Dora Ong is pictured at the Awesome Canteen in Taman Paramount, June 15, 2022. — Picture by Choo Choy May

One of the driving forces behind the change are sisters Diane and Dora Ong. They quit the world of design and jumped into the food and beverage industry in 2014 when they opened Awesome Canteen with a group of friends.

Fast forward eight years and they have a much larger footprint in Taman Paramount now with event space Awegallery which hosts exhibitions and other events, lifestyle store Ilaika (which shares a space with the cafe One Half) and of course Chipta 11A, a modern Japanese omakase-inspired restaurant helmed by Chef Jack Weldie.

Customers doing their work in One Half x ilaika in Taman Paramount, June 15, 2022. — Picture by Choo Choy May
Customers doing their work in One Half x ilaika in Taman Paramount, June 15, 2022. — Picture by Choo Choy May

Customers doing their work in One Half x ilaika in Taman Paramount, June 15, 2022. — Picture by Choo Choy May

When Awesome Canteen first opened, they worked very hard to make sure their core customers included people from their own neighbourhood and not just drop-ins from other neighbourhoods.

Since those early days, a whole host of other cafes and restaurants like Monster and Beer, Shokudo, Broom Artisanal Bakery, Hide and Seek and Kakiyuki have made Taman Paramount their home.

But it is the events and thrift shops that have created the latest buzz. How did that come about?

“We weren’t sure what kind of events we wanted to host so we accepted all kinds. But slowly we started identifying ourselves for the bundle or street market events which were very well received,” Dora, who runs Awegallery, said.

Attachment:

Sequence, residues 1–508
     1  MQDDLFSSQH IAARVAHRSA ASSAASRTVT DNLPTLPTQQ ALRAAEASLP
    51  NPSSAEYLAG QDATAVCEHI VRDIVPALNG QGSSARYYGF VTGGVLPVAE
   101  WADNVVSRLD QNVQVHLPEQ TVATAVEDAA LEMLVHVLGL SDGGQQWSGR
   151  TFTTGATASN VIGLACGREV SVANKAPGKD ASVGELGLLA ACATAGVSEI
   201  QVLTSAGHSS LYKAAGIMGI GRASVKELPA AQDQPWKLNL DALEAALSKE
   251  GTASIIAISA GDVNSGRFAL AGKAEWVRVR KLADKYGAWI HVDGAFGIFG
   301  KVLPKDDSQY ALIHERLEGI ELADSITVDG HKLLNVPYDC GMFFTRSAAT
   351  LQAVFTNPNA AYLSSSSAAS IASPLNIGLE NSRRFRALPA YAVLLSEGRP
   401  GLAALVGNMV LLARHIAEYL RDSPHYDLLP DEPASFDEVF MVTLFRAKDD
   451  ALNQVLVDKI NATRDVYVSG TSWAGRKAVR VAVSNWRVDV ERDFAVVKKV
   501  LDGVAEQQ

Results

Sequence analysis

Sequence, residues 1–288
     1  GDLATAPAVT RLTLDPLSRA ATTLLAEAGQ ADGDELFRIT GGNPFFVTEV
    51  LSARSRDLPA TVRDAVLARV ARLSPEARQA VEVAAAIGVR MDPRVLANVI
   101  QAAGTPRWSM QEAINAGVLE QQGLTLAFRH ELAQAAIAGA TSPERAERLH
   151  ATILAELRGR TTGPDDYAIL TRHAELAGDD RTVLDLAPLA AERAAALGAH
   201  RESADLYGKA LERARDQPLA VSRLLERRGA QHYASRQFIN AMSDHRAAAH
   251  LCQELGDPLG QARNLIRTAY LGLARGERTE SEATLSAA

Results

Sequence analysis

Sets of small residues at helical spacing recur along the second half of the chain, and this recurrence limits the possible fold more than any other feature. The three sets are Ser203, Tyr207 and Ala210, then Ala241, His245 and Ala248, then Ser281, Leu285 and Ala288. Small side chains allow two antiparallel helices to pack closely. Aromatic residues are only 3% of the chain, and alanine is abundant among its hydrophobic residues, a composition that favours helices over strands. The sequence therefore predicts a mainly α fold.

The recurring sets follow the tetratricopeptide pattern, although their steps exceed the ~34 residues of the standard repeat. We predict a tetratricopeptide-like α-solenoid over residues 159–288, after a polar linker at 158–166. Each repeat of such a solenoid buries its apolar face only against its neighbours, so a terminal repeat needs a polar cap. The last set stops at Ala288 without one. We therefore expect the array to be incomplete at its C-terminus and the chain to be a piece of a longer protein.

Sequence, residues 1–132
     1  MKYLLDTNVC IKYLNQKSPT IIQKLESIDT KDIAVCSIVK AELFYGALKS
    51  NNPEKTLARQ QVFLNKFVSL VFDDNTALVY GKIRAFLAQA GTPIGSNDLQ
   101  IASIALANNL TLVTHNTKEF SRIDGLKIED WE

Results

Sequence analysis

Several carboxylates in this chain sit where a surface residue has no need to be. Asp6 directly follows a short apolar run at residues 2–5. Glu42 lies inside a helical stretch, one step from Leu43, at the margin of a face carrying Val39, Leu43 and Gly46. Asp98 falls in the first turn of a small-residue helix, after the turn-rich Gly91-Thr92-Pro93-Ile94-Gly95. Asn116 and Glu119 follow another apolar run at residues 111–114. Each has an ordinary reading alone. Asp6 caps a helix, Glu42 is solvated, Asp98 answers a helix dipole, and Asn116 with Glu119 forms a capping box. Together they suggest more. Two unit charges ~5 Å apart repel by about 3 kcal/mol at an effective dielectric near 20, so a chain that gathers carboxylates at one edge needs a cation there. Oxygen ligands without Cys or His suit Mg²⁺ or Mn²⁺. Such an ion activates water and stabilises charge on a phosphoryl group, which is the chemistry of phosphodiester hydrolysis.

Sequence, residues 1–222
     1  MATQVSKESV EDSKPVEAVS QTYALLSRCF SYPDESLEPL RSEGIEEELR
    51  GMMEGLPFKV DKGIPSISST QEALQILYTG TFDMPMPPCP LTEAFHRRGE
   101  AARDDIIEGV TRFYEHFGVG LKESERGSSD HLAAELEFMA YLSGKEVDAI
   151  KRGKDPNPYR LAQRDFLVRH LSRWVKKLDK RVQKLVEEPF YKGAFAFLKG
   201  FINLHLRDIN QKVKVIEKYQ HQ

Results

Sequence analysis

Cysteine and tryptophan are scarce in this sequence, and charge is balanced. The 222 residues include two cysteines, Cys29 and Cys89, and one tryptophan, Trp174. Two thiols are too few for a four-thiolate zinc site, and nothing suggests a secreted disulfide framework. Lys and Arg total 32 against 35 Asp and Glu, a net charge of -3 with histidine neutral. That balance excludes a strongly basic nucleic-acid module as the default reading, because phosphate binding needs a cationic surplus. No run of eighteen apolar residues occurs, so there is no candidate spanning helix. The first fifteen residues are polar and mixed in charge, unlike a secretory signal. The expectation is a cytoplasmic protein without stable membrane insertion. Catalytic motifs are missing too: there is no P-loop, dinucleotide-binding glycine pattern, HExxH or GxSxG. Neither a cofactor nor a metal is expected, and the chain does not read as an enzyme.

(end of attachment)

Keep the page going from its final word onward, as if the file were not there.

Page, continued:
“People used to go to Amcorp Mall for secondhand items, but now people come to Paramount Garden. We realised that the trend is carried on by FIFTH, Delc’s and Polydextrous Studios and so on.”

FIFTH founders, Jaden and Darren Ho in Taman Paramount, June 15, 2022. — Picture by Choo Choy May
FIFTH founders, Jaden and Darren Ho in Taman Paramount, June 15, 2022. — Picture by Choo Choy May

FIFTH founders, Jaden and Darren Ho in Taman Paramount, June 15, 2022. — Picture by Choo Choy May

FIFTH opened in late 2021 and has earned a reputation for their uniquely curated fashion items. Polydextrous Studios which was also born during the pandemic is an all-inclusive collaborative space and photography studio while curated thrift store Del'cs is run by Diane’s 18-year-old daughter Hayley.

Diane views the rapidly changing Taman Paramount in a positive light.

“I think it was done in a very organic manner, it's not intrusive. It’s a nice injection of youth into an old neighbourhood that otherwise was very one-dimensional before the introduction of these new shops,” she said.

Dora echoes her, quoting a Chinese idiom that translates to “all good things come to an end.” “There’s never a place or a situation that will remain the same forever. Eventually, the younger generation will take over. We have helped to give a facelift here,” she said.

But has this change given rise to concerns about driving out the existing business community and pushing up the rent? After all, this has happened to neighbourhoods like Bangsar and Taman Tun Dr Ismail.

“We’ve added so much value to the businesses here. The only downside might be rent but we’re very careful as to not overpay so we don’t affect the other renters heavily,” Dora added.

Diane acknowledges that rent isn’t something that is completely within their control and is highly dependent on their landlords.

However, business owners like Chan and Ng said rent has not gone up yet, partly because of the Covid-19 pandemic, but won’t be surprised if rent increases once the global economy stabilises.

As Dora said, nothing ever stays the same.